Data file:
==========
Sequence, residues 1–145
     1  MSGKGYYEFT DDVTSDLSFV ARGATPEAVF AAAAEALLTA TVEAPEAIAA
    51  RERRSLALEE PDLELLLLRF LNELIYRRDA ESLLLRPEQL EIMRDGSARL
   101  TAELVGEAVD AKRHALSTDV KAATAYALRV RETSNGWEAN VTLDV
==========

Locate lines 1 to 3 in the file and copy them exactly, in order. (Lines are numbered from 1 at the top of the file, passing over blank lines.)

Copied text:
Sequence, residues 1–145
     1  MSGKGYYEFT DDVTSDLSFV ARGATPEAVF AAAAEALLTA TVEAPEAIAA
    51  RERRSLALEE PDLELLLLRF LNELIYRRDA ESLLLRPEQL EIMRDGSARL